Friedman was the founder of Statfor, a fact that he shys away from in this book. Sratfor gathers intelligence, through a geopolitical perspective, and then provides said intelligence for Fortune 500 companies, U.S. government, and private companies. So, don't feel like this is just another nutjob with a laptop and a world map. All in all, i feel like this is at least interesting, and stimulates the brain cells. I feel like, he may have a few of the details off, but he's on the right track. An amazing book, and eye-opening when so many of us are caught in the day to day news source from liberal media giants, like CNN, and conservative propagandists like Fox. Definately, a good choice.
This was one of the few books that had a tremendous impact on my view of the World. Mr.Friedman clearly explained geopolitics and trends in past European and American history. I understand much better "war on terror" and reasons for war in Iraq and Afganistan and the balance of power. The ideas were logical and well supported. In my mind it "made sense". The true question is what can we do to prepare (and prosper) for those changes? How about part 2 Mr.Friedman?
This book is a good listen. I think the point of the book is beyond the predictions it espouses but rather the logic and geopolitical history that underpins his assertions. That said, he was pushing his luck by the end of the book with his "predictions" especially considering how quantum leaps in technology and "basic science" impacts society and culture (an issue only grazed on by the author).
I found it thorough and a good listen especially on Eastern European issues. Outside of North Africa he failed to discuss the rest of the continent. I find that to be a big oversight in the book given the history and role Africa has played (albeit not always voluntarily!) in global politics. So are readers to presume that the entire African subcontinent will not have any significant role in geopolitics in the next 100 years? He should have at least dedicated one chapter to Africa and its inter-relationships with the assertions he is making. That oversight leaves some holes in his strategic logic that diminishes the value in my mind. That said, it was worth a critical listening too. I will get a print copy when I'm book shopping too.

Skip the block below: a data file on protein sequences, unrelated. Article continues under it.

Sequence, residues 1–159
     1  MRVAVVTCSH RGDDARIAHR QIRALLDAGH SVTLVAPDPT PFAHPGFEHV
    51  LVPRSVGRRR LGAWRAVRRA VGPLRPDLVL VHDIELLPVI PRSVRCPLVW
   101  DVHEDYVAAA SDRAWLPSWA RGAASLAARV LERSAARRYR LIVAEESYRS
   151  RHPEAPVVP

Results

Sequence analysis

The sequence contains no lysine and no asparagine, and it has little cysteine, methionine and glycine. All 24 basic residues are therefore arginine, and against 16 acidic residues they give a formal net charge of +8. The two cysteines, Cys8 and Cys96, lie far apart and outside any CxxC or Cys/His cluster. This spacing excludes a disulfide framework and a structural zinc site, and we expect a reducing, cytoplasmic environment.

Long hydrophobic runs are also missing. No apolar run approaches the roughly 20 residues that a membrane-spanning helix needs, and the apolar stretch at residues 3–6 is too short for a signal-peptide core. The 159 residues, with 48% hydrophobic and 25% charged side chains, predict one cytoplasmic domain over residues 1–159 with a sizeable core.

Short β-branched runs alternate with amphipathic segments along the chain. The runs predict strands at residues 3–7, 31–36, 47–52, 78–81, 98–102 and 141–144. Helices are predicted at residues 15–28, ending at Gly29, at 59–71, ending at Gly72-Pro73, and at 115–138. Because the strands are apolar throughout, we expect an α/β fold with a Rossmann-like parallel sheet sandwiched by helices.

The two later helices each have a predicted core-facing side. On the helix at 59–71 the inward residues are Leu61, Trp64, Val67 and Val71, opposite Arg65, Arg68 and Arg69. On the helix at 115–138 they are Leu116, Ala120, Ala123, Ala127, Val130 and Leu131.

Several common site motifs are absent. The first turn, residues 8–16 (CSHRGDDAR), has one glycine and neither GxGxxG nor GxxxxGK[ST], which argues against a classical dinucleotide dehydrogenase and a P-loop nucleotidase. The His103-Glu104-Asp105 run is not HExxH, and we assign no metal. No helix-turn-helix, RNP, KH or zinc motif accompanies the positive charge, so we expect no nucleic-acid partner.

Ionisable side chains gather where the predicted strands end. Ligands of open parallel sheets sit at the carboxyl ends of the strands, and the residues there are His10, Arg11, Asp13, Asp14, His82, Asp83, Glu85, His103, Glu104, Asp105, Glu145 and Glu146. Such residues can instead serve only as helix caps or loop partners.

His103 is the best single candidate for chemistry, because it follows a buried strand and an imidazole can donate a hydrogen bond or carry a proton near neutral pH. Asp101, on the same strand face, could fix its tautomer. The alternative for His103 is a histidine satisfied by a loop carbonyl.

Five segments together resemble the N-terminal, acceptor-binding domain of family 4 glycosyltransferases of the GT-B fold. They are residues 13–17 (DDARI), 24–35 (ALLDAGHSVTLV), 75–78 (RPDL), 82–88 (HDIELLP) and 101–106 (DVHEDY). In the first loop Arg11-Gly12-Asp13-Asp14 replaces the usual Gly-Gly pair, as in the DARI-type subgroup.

Friedman certainly knows his subject. As the founder of StratFor, he has access to incredible information from around the world, and years of experience piecing together how that information shapes the world we live in today. This book is the summation of that analysis extended to the next hundred years.
While one may not reach the same conclusions (e.g., China being less of a world leader than, say, Poland), you are sure to be challenged to think about his predictions...and perhaps alter your own! I was particularly taken by his discussion of the ascendancy of Mexico, having long thought that Mexico has unrealized potential (increasing education levels, for example).
I strongly recommend the book to anyone interested in what the next 30, 50 and 100 years may look like.
Excellent knowledge of his topic and exceptional understanding of geopolitics. If you are looking for an unbiased analysis of the facts and driving forces that shape the world, this is the book you need. Truely fantastic read.
I found the first half of "The Next 100 Years" was mostly fascinating. In the second half, however, I felt Mr. Friedman became too carried away with his own fictional scenario. This required suspension of disbelief beyond my ability.
In his summation, his dismissal of global warming as having any significant impact on the geopolitics of the future -- on the basis that birth rate trends and technology will solve the problem -- ignores the possibility that a tipping point may be reached too early in the 21st century for any reversal therefrom.
Book Guun Guun
Should have of his predictions come true, the world will be a drastically different place. I hope Friedman is wrong, very wrong.
The possibility that it all may come true.
Hughes brings a voice of believability that a reader wouldn't otherwise get if they were reading the book.
If we study history of the great civilizations that came before us, we can start seeing some parallels and commonalities between the ancients and where we are today as the greatest civilization of the last 100 years.
Friedman does a good job in helping us to get a glimpse of the next 100 years (decade by decade) as our country goes through rising inflation, gas/fuel shortages and prices hikes, population increases, immigration challenges, environmental issues and global climate changes. And those are just internal problems!!! Bleak? Yes and no. We have many technological advantages that our predecessors didn't have, but it’s up to us to identify and use them wisely.
Face it, in a world that is closing in on 10 billion people in our lifetimes, we’re going to all have to figure out how to get along and feed, house, employ, transport, educate and provide medical care on a global scale.
I liked this book a lot and will keep it as a reference for things to come in my lifetime and future generations to come.
Mother, Wife, Cultural Anthropologist, always a scholar and lover of books!
George Friedman doesn't pretend to know the future, he tracks the patterns and follows them on their most likely paths. His knowledge, and global perspective is insightful and he writes in a readable fashion, as if he is your favorite professor sitting across the table with a map and a pot of tea.
An extremely interesting work. Very well written and well read. A brilliant analysis.